What each of us can do to tackle climate change

We all have to deal with the weather – we enjoy it when it is good, and cope with it when it is bad. With climate change there may be more good weather to enjoy, but also more bad weather to cope with.

Unusual weather events will inevitable be linked to climate change, even though individual extremes have happened throughout human history.

News.com.au: Sweltering heatwave set to scorch large parts of Australia until the new year

Australians are facing unprecedented heat, with some areas set for maximum temperatures above 40C for four days straight for the first time in 90 years.

Extreme record-breaking heatwave conditions are forecast to sweep across four states over coming days, sparking health and fire warnings.

A broad area stretching across much of southern Australia is set to experience the hot weather, with temperatures generally 10C to 14C higher than usual for this time of year, the Bureau of Meteorology said.

There’s plenty more of yesterday’s sweltering Christmas weather to come, as an oppressive and sustained heatwave is set to linger into the new year.

Going by the forecast here in New Zealand it doesn’t look like we will be getting much of that heat coming our way. But some areas (up north) have experienced flooding earlier this week.

Whether or not the weather is a result of climate change Victoria University climate scientist James Renwick suggests One simple thing you can do to tackle climate change

Transforming how the world produces energy and consumes resources to create a zero-carbon future is going to require innovation and investment on an industrial scale, creating myriad new jobs and making a better, more sustainable, life for everyone.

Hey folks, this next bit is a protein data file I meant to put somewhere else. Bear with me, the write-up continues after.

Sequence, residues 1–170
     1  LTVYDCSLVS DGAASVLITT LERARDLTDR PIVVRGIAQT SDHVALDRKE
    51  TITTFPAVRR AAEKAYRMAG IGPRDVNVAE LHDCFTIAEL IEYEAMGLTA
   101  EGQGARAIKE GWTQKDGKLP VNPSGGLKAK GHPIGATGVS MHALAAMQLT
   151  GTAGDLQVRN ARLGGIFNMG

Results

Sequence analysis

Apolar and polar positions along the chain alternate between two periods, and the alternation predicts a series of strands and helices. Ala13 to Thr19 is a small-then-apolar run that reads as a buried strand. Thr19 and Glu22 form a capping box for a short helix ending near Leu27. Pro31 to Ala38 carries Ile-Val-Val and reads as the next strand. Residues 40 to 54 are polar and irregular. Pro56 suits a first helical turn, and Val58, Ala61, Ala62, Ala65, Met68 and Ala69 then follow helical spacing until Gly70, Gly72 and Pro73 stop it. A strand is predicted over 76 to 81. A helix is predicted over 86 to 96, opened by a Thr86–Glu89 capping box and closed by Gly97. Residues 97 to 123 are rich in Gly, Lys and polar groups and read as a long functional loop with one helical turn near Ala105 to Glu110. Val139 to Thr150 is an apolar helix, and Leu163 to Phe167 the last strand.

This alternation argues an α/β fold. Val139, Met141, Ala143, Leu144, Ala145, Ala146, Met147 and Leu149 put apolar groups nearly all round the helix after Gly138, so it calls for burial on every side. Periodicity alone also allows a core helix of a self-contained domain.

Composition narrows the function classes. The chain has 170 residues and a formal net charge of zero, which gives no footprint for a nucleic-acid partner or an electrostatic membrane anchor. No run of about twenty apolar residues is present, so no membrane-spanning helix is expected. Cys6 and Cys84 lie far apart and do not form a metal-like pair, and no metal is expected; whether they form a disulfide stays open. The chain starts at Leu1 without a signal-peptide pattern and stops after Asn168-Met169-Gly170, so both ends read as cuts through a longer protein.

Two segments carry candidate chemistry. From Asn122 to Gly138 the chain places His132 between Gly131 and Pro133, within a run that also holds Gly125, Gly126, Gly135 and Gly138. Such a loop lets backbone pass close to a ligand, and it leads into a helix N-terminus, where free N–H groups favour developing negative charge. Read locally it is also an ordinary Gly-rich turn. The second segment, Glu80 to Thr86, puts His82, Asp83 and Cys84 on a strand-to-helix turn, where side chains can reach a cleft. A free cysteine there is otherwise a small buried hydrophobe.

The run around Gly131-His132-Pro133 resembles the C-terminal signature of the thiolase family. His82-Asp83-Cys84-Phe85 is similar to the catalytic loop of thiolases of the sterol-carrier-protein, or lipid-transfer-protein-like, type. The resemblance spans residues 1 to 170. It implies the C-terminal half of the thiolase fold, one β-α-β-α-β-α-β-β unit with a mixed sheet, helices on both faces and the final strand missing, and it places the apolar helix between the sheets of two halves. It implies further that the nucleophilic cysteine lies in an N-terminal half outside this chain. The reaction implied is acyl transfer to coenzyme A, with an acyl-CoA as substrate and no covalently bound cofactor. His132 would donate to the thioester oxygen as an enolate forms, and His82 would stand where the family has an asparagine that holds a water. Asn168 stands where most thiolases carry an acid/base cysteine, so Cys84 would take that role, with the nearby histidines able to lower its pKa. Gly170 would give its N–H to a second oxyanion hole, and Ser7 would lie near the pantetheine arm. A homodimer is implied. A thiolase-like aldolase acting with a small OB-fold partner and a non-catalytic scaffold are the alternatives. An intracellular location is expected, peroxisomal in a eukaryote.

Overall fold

Climate change is a huge threat. Already, floods and droughts, heatwaves and fires have intensified around the world, and even another degree of warming will kill off the coral reefs, damage global food production, and lock in metres of sea level rise. The potential for mayhem and misery seems almost limitless.

The way I react to climate change is to keep both viewpoints in mind. If we do nothing, or if we do something but not fast enough, the future looks pretty dire. And I don’t mean in centuries from now, I mean in one working lifetime, another 20, 30, 40 years. To me, that’s a huge motivation to do what I can to advance the transformation we need.

Feeling like you’re a part of the solution, that you’re making a positive difference, is so much more empowering than feeling helpless or despairing, or apathetic. It is now understood that stress and anxiety caused by seeing fires, floods and other extremes affect communities, and worries about the future of our own families, are major mental health risks.

The empowerment will only be sustained if we feel we have actually made a positive difference. If we keep getting weather extremes, or if we see other countries continue to get weather extremes, we may think our efforts are a waste of time. It could be difficult keeping up enthusiasm for being ‘a part of the solution’.

Each of us can take small actions that collectively add up to big reductions in emissions.

Anything that lowers your personal carbon “footprint” is a good idea: using public transport when we can, engaging in active transport – cycling and/or walking, flying less (and offsetting when we do fly), eating less or no red meat, making sure our homes are well-insulated, buying an electric vehicle (if we’re looking for a new car), and so on.